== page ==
Archive for April 22nd, 2010


On of the most embarrassing aspects of my bogging hiatus was not posting the birth of my second child. I had lots of reasons at the time, but still. You blog a baby.

A very newborn Elliot J. R. C. Yes, he has two middle names, like his brother and his father.

Elliot was born on his due date, June 21. I can’t tell you how much I enjoy that he was born on Midsummer. As a side note, Tamara won my due date contest. Must get yarn for her.

I’ve said for a while that Emerson is my heart. I think most mothers feel like their hearts have been taken out of their chests, and placed in their children. I love Em with everything I have in me. But, Elliot. What about him? Elliot is my soul. He was a big surprise, a crying-in-the-shower kind of surprise, but he’s the soul in me I thought had died.  Look at his face and tell me you can’t see it.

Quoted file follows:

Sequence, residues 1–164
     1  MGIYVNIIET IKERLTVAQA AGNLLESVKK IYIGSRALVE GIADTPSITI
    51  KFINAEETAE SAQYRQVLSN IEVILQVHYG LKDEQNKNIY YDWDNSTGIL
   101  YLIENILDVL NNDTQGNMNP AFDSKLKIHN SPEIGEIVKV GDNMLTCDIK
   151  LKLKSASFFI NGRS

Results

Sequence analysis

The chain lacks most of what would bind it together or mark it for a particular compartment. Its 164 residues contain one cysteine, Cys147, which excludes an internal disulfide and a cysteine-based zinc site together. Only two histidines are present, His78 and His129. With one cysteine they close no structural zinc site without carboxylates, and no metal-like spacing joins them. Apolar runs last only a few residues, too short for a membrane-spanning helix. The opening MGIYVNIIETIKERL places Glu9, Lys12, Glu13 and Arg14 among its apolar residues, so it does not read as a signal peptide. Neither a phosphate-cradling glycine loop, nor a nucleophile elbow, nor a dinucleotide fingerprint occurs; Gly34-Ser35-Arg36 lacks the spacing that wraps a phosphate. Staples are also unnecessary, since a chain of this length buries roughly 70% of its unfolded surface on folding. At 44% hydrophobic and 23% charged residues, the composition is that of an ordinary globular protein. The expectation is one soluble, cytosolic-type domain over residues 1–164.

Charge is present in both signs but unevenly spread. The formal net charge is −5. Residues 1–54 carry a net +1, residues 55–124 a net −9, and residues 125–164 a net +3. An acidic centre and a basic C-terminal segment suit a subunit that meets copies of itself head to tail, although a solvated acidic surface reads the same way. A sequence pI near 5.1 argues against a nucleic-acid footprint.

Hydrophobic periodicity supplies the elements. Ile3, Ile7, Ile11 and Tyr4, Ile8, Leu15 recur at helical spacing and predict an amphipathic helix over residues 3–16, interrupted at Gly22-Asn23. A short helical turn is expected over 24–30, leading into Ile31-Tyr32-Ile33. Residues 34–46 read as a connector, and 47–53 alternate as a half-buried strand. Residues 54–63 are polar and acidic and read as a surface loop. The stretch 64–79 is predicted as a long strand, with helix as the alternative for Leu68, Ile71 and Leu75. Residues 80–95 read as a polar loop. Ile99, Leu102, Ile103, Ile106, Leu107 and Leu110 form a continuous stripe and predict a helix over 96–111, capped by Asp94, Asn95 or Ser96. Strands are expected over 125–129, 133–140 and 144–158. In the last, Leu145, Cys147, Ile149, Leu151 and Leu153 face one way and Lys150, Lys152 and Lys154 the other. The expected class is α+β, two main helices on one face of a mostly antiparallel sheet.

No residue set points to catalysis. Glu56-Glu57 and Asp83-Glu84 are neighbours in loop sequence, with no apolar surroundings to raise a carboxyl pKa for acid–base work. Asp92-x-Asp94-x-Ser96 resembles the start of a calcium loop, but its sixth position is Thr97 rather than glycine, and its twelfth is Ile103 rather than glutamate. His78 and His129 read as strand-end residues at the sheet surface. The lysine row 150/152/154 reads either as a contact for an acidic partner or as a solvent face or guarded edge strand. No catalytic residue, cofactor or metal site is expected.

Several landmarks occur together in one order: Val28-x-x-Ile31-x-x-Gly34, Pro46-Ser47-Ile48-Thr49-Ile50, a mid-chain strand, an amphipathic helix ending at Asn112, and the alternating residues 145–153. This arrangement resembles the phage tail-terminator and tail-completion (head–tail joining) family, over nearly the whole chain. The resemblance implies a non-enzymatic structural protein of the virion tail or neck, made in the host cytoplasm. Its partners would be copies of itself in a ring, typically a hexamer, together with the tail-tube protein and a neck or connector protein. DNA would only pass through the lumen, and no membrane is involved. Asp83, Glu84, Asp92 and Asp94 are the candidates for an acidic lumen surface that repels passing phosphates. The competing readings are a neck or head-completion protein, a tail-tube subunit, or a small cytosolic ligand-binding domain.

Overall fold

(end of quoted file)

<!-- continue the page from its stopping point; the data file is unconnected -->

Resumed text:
My sweet Elliot, 9 months, in hand-me-down longies

I was surprised with Elliot at how very different two children of the same parents can be, especially from birth. Em was a big, solid baby. Never more than 50th to 70th percentile, but just a solid core.  Elliot, on the other hand, is a tiny thing.  At his nine month appointment a few weeks ago I literally danced when he reached the 12th percentile. He’s just a long skinny thing.  And when I say long, I mean long.  Em wore these longies to Rhinebeck ’08, at 15 months old.

Although the length is spot-on, the waists was drastically too big. El “helped” me crochet a chain for a drawstring.

I thought I blogged about these when I knit them for Em, but I can’t seem to find a post. Here’s Em in them at around 15 months:

Blurry again, this time due to a hyper-moving toddler. I dont' think I got a single focused shot for six months

And here they are on El at NINE months. At seven months he was taller than Em was at 12.

Hard to see, but they reach to a hair's breath of the same length as they did on Em.

So, there you have him. My smallest man, both in and out of handknits. Never fear, you’ll see him again soon, I’m sure, as the poor child needs a blanket from mama.


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